In New Bern, North Carolina, history is coming to life—and history is being made—at the North Carolina History Center at Tryon Palace. For Rockfon, the project’s special challenges required solutions that broke new ground in custom ceiling panel fabrication.
The site selected for the new history center was the site of the former Barbour Boat Works warehouse located on the Trent River. The building featured massive steel trusses spanning the width of the building and other architectural elements typical of 19th century industrial style.
Many features of the new, 60,000 square-foot history center were inspired by these design elements. By its very nature, the goal of the history center was to connect the past with the present. But the architectural design had to do more. The objective was to create a design that reflected the history of the town and industrial character of the waterfront site, while pioneering new ideas in sustainable building design.
Two architectural firms took on the challenge: BJAC in Raleigh, N.C. and Quinn Evans in Georgetown, D.C. The building’s sustainability goals were achieved in multiple ways, ranging from permeable surface parking areas and a constructed wetlands to energy-efficient operations and maintenance.
According to Jennifer Amster, principal at BJAC, “We chose [Rockfon] Planostile panels for the ceilings in many areas because they have 75 – 100 percent recycled content and are 100 percent recyclable. That contributed to our sustainability objective, and helped elevate the ceiling system from one that delivered not only beauty and acoustic performance, but environmental benefits as well.”
To maintain the historic integrity of the building, the architects modeled the design of the steel trusses and exposed masonry on original architectural elements found in the area. Then, they added modern metal and glass to allow views to the river from the central gathering spaces and create a contemporary atmosphere.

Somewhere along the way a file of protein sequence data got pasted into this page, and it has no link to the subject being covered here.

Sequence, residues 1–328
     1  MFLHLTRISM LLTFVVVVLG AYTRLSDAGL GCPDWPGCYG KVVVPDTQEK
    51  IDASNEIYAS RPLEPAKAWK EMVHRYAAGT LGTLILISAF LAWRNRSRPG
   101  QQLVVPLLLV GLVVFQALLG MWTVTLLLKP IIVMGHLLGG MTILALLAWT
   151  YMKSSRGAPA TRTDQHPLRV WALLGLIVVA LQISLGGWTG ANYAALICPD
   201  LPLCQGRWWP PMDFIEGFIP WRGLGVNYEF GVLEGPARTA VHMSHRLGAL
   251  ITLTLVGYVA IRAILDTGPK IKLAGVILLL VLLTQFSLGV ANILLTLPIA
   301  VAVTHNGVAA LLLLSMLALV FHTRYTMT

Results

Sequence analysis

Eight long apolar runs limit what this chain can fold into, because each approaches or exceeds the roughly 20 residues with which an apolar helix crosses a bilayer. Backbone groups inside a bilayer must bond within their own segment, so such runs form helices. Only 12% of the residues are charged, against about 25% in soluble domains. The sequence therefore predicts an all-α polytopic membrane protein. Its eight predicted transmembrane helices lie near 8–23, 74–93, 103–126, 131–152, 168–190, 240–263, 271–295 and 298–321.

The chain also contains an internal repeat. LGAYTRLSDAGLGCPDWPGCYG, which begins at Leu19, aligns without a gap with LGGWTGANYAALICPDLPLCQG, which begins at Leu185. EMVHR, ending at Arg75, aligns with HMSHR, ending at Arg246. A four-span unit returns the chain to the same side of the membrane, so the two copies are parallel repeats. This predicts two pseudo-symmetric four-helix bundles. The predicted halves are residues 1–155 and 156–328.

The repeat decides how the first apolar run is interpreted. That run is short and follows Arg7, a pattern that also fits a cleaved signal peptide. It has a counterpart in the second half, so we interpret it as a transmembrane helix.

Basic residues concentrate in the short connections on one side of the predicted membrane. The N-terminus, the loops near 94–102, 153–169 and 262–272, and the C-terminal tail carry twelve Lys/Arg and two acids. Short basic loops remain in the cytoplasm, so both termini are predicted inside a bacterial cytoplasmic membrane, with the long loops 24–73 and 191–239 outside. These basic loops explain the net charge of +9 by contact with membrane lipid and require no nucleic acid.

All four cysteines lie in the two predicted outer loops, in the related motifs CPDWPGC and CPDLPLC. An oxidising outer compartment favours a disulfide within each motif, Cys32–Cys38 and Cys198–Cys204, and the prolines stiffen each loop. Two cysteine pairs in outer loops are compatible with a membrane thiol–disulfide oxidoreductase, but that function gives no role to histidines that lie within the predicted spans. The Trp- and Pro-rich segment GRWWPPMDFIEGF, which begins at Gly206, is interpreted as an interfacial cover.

Amster notes that, “Because we retained the building’s 19th century structural base, it was important that all other interior building elements fit within that structure. That presented some challenges for our suppliers and contractors.”
For Rockfon, doing so required a unique approach to ceiling panel fabrication.
A Challenge of Historic Proportions
A unique ceiling system consisting of floating clouds of acoustic panels was specified to soften the noise in the history center’s Great Hall and other expansive public spaces. Rockfon Planostile Snap-in perforated metal ceiling panels were chosen. The challenge came in customizing the panel sizes and shapes to align precisely with other architectural features of the building.
“This was one of the most complex systems I’ve ever seen,” noted Bill Barlow, business development manager at Acousti Engineering Co., the ceiling installer. “Ceiling clouds and panel reveals had to align precisely with adjacent architectural features. There were clouds within clouds, and panels had to be cut in multiple sizes and dimensions.”
In all, the design required 34 different ceiling panel sizes, in four different colors. Adding to the challenge was the fact that the architect had specified that there be no field cutting of panels.
According to Rockfon Project Manager Dave Jahn, “They wanted to use full panels to assure a true flat finish was achieved when installed. This meant that in addition to adapting our suspension system to the building design, we had to engineer the precise size of each panel so that it installed perfectly out of the box.”
To do so, Rockfon worked with the architect and installer to nail down exact measurements. Then, over a period of three months, shop drawings were created, revised and refined to assure that each panel was fabricated in the right dimensions.
With so many different ceiling panel sizes and colors to be installed, finding the right pieces to the puzzle on site could have created time-consuming complications. Dave Jahn and the Rockfon team were proactive in preventing this scenario. A special packaging system was created that clearly showed which box was for what section of the installation. Inside the boxes, installers found shop drawings and fabrication schedules.
“We even labeled each panel with a part number that matched the drawings,” noted Jahn. “We tried to eliminate every potential problem and make the ceiling system highly user friendly for the installer.”
A Perfect Fit
In the end, what could have been a highly problematic installation was simplified by advance planning and a focus on precise measurement and fabrication.
“There was an enormous potential for complications with this job. We were on a tight installation schedule and this custom system required a great deal of coordination with the MEP trades,” said installer Bill Barlow. “[Rockfon] did a tremendous job. Not one panel was improperly sized.”
North Carolina History Center at Tryon Palace—New Bern, NC
Jennifer Amster, BJAC—Raleigh, NC
Quinn Evans—Georgetown, D.C.
|Bill Barlow, Acousti Engineering Co.—Raleigh, NC
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